Another brief story I’ll share just happened in our family. I actually started this blog a few days ago. Last night, however, we had an incident that made it real. As I walked to the mailbox, I discovered an unique envelop (pictured above). You know, most of what’s in the mail these days are direct mail pieces and bills; so, it’s fun to see unique envelops come in the mail. As I opened the envelop, there was a piece of paper wrapped around two gift cards. On the paper and envelop there was nothing written. Someone in their generosity simply wanted to bless our family with a anonymous gift.
Now, in the context of “giver” and “taker” what was my response to this gift? Well, initially, it was “wow, that was nice and pretty cool”; however, I quickly shifted toward trying to figure out who gave us the gift. For the next couple hours, as I was waiting for Lisa to arrive home, I was attempting to figure out who would have done this and why. Then, as Lisa arrived home, we both briefly started to go down this path together.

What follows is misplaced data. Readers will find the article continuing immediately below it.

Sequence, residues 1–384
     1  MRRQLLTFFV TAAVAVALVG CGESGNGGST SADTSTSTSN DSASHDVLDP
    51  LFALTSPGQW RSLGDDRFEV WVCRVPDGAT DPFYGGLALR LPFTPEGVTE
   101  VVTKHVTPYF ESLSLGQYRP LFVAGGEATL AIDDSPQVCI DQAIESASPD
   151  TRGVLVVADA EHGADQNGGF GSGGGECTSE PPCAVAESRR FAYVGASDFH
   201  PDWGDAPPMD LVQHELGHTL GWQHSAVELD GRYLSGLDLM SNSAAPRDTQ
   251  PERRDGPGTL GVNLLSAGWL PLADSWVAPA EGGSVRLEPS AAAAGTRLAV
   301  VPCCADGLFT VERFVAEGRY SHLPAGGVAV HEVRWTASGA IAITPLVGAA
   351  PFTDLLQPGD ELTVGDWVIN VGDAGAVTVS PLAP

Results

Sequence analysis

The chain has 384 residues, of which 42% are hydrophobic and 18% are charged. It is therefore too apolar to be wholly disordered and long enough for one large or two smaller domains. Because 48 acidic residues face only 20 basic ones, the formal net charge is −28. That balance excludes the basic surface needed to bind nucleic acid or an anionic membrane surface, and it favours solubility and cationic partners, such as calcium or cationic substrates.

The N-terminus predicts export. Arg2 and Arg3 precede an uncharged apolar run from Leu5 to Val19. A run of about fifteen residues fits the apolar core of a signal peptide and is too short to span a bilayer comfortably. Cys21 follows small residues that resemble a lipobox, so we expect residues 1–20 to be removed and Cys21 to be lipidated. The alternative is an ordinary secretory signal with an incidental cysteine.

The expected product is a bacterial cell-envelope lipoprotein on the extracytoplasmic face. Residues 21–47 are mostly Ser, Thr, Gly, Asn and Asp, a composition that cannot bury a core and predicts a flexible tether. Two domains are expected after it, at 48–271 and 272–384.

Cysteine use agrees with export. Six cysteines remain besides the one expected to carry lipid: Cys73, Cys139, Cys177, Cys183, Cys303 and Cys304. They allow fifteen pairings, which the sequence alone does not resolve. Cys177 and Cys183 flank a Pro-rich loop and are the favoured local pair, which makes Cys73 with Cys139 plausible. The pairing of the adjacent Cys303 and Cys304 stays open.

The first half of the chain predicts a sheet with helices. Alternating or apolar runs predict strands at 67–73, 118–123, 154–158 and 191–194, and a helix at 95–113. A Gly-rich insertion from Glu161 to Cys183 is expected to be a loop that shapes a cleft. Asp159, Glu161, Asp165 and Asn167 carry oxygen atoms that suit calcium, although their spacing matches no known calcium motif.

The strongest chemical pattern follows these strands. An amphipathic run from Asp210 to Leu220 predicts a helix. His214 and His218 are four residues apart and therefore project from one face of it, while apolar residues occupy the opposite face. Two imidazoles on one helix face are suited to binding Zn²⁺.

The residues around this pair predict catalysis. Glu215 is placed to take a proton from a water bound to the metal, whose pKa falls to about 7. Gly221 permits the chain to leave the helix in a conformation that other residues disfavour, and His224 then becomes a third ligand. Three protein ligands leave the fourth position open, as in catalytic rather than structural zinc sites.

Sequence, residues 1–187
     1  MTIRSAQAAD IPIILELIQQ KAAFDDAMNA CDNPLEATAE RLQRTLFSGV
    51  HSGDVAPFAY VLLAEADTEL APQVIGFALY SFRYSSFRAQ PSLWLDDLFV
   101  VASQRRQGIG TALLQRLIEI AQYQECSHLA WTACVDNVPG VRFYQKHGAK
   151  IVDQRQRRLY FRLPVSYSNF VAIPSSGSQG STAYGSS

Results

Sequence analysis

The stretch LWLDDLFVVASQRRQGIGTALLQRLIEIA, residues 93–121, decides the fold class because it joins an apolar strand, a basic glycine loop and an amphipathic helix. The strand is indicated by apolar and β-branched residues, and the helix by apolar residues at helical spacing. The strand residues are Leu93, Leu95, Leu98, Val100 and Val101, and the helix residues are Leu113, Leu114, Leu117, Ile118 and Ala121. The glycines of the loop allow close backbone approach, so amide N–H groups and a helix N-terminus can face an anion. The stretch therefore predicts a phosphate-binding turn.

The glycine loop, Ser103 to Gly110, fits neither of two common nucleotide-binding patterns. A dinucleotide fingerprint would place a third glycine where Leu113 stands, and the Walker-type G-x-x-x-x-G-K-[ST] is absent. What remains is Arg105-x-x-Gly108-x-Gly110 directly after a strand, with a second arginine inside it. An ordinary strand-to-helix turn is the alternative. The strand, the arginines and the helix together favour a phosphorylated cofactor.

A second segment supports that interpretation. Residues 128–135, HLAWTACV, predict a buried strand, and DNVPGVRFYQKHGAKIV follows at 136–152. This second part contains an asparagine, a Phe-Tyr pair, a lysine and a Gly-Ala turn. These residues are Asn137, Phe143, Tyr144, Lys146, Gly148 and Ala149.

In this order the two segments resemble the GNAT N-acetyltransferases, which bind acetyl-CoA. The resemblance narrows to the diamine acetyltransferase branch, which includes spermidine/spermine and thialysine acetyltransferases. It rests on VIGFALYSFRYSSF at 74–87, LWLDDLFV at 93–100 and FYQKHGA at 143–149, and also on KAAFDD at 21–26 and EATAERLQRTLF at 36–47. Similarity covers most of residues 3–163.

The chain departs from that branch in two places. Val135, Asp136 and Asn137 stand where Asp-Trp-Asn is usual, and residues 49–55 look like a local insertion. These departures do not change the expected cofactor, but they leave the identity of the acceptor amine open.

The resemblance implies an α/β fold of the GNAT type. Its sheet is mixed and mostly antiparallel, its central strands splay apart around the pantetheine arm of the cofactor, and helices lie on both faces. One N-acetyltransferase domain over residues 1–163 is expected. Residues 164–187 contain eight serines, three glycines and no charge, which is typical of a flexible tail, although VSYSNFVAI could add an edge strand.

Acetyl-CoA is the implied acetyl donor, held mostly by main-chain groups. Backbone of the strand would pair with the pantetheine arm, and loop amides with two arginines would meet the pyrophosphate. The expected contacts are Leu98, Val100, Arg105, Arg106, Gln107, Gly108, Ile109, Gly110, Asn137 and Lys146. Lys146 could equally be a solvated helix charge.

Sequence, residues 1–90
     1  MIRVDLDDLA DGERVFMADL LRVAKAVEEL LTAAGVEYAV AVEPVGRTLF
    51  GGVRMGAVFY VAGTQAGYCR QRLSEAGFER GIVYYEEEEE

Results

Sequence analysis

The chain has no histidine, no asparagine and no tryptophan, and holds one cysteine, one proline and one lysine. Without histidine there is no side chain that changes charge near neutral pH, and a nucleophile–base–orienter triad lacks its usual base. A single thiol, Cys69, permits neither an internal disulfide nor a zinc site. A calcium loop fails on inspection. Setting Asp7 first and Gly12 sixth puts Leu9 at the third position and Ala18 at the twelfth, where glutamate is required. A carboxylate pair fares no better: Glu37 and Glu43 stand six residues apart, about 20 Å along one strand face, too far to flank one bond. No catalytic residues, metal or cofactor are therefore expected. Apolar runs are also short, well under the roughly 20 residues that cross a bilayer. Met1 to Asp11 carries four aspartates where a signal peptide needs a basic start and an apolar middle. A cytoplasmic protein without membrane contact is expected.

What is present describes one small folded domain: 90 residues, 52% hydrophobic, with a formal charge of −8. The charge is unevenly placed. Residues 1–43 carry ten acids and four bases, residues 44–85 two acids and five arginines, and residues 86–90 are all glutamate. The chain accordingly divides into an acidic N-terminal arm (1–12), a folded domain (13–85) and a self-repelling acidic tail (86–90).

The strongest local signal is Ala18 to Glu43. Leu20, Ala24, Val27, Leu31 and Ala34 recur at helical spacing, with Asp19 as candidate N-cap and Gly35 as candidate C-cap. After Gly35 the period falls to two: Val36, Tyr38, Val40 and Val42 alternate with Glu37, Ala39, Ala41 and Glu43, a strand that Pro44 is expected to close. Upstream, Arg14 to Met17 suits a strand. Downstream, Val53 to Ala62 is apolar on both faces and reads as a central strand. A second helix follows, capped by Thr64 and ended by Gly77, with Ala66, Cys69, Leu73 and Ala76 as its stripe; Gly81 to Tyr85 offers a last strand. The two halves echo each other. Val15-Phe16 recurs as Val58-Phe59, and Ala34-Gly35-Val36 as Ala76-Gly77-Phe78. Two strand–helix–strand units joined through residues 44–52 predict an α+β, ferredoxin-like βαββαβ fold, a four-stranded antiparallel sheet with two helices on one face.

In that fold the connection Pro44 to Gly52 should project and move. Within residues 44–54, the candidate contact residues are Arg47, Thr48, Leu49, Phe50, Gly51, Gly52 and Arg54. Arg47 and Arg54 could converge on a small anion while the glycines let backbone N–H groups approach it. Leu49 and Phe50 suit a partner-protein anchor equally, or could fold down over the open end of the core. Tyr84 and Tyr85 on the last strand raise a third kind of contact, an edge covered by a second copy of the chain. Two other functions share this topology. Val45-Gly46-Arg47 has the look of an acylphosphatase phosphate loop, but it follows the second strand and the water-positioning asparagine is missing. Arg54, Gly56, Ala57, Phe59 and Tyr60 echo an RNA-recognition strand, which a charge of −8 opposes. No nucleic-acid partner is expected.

In this moment, was I being a “gifter” or “taker”? Well, reflecting upon my earlier story of Bill and dinner, you should be able to see that, while very subtle and not intended, I was being a “taker” in that moment. What someone had intended to bless us and required only a simply response of “thank you”, had started to become a “need to figure out” who’d offer and why. No, this wasn’t an ill-willed desire to know. But, if the individual had desired we knew, they would have signed their name. It’s funny that with our son a few days ago, we, too, had a discussion about of how often it’s best to give anonymously. Yet, last night, I was wrestling a bit with receiving an “anonymous” gift.
I anticipate the examples in today’s blogs raise a few questions and arguments counter to the views offered. If you’re the one arguing with this, my encouragement is to “stop” and ask yourself “why” you’re wrestling with this viewpoint. Is it possible that there’s something much deeper going on that needs to be worked through? Keep in mind, most would say I’m a “giver” and I stumbled briefly as recently as last night!
Finally, if you happen to be the one who dropped those gift cards in the mail, please know that our family is very grateful for your offering and we simple say, “thank you”! May God bless you for your heart of generosity!